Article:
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Entries in Ancestry (5)

Monday
Jul302012

Obama, Romney Family Trees Hold Slaves, British Country Folk

Joe Raedle/Paul J. Richards/AFP/Getty Images(NEW YORK) -- The United States' first African-American president is likely a descendent of the first documented enslaved African in colonial America, researchers at Ancestry.com said Monday.

"I don't even know the words to describe it," Anastasia Harman, the lead family historian for Provo, Utah-based Ancestry.com, said. "It's amazing. It's seemingly unbelievable, but the research strongly suggests that this is the only possibility."

President Obama is the 11th great-grandson of John Punch, a black man who came to America in the 1600s as an indentured servant and was enslaved for life in 1640 after trying to escape his servitude, according to a two-year Ancestry.com study of thousands of records from colonial Virginia.

Although Obama's father was a black man from Kenya, his ties to slavery stem instead from his white mother, Stanley Ann Dunham, Harman said. The enslaved, black Punch had children with a free white woman. Because their mother was free, Punch's mixed-race kids were born free and went on to become "prominent" land owners in Virginia, Harman said.

The Ancestry.com historian said Obama's family tree is one of the "most fascinating" on which she has ever worked because it is "dynamic" and stretches across at least three continents.

While few records remain about Obama's father's side of the family, his mother's side ranges, "from prominent land owners to people fleeing the Irish potato famine to indentured servants," Harman said.

Obama's Republican rival Mitt Romney, on the other hand, can trace the majority of his family tree to one country: England. His great-great grandfather, Miles Romney, was a carpenter from Preston, England, where he and his wife, Elizabeth, were converted by Mormon missionaries and then came to the United States in the early 1800s.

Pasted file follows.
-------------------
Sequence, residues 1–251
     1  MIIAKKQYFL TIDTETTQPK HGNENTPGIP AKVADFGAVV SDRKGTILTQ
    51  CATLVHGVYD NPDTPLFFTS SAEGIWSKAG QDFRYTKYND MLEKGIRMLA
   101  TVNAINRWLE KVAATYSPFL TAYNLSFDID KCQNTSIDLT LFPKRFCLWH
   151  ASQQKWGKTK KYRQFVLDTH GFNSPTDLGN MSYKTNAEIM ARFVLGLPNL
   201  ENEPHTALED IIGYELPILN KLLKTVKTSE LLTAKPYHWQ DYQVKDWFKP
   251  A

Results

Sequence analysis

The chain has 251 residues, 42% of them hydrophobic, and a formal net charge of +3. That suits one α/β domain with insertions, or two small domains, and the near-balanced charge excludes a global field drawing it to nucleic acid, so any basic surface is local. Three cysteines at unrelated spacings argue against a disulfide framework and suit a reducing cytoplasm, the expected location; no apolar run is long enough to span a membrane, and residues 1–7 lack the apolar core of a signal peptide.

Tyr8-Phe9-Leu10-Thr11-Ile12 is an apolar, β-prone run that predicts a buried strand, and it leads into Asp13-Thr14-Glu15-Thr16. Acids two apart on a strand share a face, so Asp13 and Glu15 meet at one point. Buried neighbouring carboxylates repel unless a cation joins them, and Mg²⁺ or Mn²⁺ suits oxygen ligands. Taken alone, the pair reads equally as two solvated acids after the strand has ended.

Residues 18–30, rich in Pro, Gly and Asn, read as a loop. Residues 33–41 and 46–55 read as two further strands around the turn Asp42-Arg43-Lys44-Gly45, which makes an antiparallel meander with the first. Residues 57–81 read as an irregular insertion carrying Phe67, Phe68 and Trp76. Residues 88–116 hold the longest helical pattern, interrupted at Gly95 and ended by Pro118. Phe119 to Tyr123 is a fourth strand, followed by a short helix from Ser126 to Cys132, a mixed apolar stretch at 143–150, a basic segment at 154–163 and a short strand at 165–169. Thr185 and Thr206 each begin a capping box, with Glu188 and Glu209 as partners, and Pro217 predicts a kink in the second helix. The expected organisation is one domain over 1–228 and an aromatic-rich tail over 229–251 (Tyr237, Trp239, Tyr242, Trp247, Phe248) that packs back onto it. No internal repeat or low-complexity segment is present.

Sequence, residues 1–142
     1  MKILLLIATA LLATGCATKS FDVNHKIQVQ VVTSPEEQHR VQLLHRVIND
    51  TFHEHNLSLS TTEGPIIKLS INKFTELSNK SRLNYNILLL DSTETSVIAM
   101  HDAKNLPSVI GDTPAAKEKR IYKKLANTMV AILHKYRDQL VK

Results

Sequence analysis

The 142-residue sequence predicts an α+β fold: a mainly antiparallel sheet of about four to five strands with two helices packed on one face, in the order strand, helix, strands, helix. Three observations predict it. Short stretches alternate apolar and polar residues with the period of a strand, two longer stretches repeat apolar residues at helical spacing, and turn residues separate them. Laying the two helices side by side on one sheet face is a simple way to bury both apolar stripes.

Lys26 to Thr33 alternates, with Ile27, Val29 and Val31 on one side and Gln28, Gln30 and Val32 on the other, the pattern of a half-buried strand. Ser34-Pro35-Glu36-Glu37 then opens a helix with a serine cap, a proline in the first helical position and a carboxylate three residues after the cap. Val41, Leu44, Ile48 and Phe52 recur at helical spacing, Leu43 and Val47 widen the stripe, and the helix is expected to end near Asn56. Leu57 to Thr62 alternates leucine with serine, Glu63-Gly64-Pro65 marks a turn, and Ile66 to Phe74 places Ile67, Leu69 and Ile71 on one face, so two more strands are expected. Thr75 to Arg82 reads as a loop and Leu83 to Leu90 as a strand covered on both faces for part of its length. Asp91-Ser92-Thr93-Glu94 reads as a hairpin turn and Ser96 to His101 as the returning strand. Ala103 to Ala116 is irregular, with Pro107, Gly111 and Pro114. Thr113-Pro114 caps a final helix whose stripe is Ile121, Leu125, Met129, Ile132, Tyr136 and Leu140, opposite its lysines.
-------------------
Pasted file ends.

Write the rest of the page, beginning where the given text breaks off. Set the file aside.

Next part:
Mitt Romney's wife, Ann, can also trace her family tree back to the United Kingdom. Her grandfather was a coal miner from Wales.

In an interview last week in London, CNN's Piers Morgan asked Romney whether his U.K. ancestry made him "feel partly English?"

"Well, I'm married to a girl from Wales," Romney said. "And I'm a guy from Great Britain so I'm -- I feel like this is home, too, I guess."

After his family line hopped the pond to America, Romney's great-grandfather, Miles Park Romney, became the first of Romney's ancestors to practice polygamy, having four wives and 30 children.

Obama also has polygamy in his family history. His dad, Barack Obama Sr., descended from the Luo tribe in Kenya where polygamy was common. Obama's grandfather had at least four wives and his great-grandfather had five, the Washington Post's David Maraniss reported.

But while polygamy persists in both presidential contenders' pasts, Harman said, only Obama's ancestors have yet been traced back to slavery. Besides his tie to the enslaved Punch, Obama's family tree included slave owners, as well.

Obama's great-great-great-great grandfather George Washington Overall owned two slaves, a Baltimore Sun study found, based on 1850 census records.